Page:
The lost city of Atlantis, a legend that has long existed but never been proven, might be located in Spain. The city is believed to have been a large metropolis that disappeared into the sea thousands of years ago. Now researchers believe that the ruins of a tsunami-struck ancient city in the mud flats of southern Spain may be the city itself.
The team first discovered the city in 2011 after examining and analyzing satellite imagery of a “suspected submerged city” north of Cadiz. After analyzing the images, they believe that the structure matches descriptions of Atlantis’ multi-ringed structure. The site was surveyed by archaeologists and geologists using deep-ground radar, digital mapping, and underwater mapping technology in 2009 and 2010.
Head researcher Richard Freund has also discovered several smaller cities that mimic Atlantis. He calls them “memorial cities” and claims they were built by refugees after the city was destroyed by a tsunami.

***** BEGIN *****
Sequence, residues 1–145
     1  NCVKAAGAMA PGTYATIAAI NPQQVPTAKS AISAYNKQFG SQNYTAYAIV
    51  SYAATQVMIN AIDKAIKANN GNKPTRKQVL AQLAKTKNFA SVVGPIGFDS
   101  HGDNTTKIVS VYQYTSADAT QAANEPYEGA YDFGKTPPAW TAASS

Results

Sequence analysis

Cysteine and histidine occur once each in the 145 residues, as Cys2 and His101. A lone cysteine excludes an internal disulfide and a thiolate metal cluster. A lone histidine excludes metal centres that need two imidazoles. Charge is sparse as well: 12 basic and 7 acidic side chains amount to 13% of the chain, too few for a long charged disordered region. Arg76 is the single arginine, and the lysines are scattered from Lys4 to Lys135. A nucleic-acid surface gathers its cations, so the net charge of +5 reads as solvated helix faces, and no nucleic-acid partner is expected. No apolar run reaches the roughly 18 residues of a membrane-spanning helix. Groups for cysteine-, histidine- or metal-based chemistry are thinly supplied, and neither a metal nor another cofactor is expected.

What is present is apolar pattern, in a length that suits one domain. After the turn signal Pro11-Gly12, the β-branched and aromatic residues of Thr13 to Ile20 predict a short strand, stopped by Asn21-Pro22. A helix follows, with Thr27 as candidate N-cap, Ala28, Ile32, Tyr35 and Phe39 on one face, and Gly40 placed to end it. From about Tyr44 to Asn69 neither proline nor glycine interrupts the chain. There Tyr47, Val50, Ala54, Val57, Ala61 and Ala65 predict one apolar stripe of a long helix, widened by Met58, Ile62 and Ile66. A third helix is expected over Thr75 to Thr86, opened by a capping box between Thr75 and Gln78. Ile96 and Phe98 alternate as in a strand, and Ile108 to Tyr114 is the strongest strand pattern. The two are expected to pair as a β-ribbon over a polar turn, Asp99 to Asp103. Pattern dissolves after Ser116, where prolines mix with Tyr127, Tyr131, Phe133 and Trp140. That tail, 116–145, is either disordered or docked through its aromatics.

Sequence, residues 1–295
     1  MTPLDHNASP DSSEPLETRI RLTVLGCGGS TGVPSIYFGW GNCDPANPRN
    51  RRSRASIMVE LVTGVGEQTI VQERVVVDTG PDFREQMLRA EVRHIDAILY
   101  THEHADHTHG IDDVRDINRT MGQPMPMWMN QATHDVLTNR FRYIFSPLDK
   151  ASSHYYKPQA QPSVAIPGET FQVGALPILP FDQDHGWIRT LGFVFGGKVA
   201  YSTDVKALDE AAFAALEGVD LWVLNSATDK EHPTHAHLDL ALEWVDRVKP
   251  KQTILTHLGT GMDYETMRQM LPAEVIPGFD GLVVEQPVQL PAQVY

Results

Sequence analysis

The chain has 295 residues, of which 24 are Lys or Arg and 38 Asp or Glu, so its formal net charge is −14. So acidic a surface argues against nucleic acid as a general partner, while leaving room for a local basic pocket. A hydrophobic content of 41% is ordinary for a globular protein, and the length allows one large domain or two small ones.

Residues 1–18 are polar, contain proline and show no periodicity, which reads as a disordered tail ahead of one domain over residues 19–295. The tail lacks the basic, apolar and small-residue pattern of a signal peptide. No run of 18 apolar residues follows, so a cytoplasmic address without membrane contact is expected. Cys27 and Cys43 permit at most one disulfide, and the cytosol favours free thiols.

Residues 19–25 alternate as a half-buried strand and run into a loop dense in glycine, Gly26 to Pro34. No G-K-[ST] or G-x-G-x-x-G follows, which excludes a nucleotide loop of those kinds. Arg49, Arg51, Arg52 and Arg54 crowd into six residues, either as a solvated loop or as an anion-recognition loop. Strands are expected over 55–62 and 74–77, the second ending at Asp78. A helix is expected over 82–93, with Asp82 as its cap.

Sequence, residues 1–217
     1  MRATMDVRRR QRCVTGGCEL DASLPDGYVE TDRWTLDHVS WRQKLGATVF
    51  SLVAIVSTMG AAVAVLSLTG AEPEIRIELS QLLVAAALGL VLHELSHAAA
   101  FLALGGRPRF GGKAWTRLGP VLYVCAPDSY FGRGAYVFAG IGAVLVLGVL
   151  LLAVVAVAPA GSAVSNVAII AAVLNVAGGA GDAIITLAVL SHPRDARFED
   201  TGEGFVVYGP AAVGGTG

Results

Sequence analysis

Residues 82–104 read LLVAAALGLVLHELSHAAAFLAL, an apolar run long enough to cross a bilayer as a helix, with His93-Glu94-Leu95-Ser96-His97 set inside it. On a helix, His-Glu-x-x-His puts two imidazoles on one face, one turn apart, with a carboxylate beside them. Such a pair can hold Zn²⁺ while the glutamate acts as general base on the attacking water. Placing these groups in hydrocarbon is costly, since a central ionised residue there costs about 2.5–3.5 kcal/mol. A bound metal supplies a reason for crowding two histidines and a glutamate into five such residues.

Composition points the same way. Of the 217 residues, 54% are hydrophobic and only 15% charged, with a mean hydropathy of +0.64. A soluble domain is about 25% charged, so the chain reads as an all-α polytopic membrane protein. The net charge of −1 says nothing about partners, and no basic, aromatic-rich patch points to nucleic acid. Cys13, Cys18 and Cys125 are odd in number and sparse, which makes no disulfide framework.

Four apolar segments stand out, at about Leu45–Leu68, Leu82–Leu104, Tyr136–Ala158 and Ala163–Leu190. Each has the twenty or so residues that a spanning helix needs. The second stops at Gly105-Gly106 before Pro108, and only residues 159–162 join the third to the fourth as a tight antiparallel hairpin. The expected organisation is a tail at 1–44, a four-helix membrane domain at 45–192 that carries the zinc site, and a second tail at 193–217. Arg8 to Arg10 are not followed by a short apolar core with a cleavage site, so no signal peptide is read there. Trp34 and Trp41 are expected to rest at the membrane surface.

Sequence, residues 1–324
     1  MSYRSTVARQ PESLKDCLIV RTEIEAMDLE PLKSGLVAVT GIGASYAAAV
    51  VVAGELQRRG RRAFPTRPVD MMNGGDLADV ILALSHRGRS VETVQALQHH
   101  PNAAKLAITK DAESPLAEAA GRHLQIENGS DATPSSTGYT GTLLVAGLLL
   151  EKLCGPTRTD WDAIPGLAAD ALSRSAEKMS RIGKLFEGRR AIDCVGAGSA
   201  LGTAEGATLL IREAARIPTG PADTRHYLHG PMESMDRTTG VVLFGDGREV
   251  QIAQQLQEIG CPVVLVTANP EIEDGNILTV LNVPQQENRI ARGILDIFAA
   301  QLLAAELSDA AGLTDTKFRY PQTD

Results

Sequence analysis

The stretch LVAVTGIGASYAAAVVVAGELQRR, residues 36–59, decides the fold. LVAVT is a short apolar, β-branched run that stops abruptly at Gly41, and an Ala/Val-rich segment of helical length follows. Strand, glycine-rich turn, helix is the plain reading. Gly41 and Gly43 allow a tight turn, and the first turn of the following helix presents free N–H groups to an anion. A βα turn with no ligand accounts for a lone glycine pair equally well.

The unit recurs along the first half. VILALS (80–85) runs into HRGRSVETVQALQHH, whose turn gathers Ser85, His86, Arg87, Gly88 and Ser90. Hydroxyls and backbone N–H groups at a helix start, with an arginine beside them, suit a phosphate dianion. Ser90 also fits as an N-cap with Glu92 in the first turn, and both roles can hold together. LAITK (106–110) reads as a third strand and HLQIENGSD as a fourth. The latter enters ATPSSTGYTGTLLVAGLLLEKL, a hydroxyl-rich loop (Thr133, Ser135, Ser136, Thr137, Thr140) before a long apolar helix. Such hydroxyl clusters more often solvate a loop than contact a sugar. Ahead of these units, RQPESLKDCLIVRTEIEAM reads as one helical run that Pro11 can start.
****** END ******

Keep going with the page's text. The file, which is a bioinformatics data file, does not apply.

“This is the power of tsunamis,” Freund said to Reuters. “It is just so hard to understand that it can wipe out 60 miles inland, and that’s pretty much what we’re talking about,” he added.
It will be difficult to determine for sure that Freund’s team has actually found the site of Atlantis, whose very existence has been questioned through the years. The only historical evidence of its existence comes from Greek philosopher Plato 2,600 years ago.
Plato described Atlantis as “an island situated in front of the straits which are by you called the Pillars of Hercules,” today known as the Straits of Gibraltar. This has led most searches to focus on the Mediterranean and Atlantic. Plato’s dialogues from 360 B.C. stated that Atlantis “in a single day and night… disappeared into the depths of the sea.”
For the time being, researchers plan to explore and excavate their findings further. The sunken city, as well as the “memorial cities” will be studied for geological formations and artifact dating.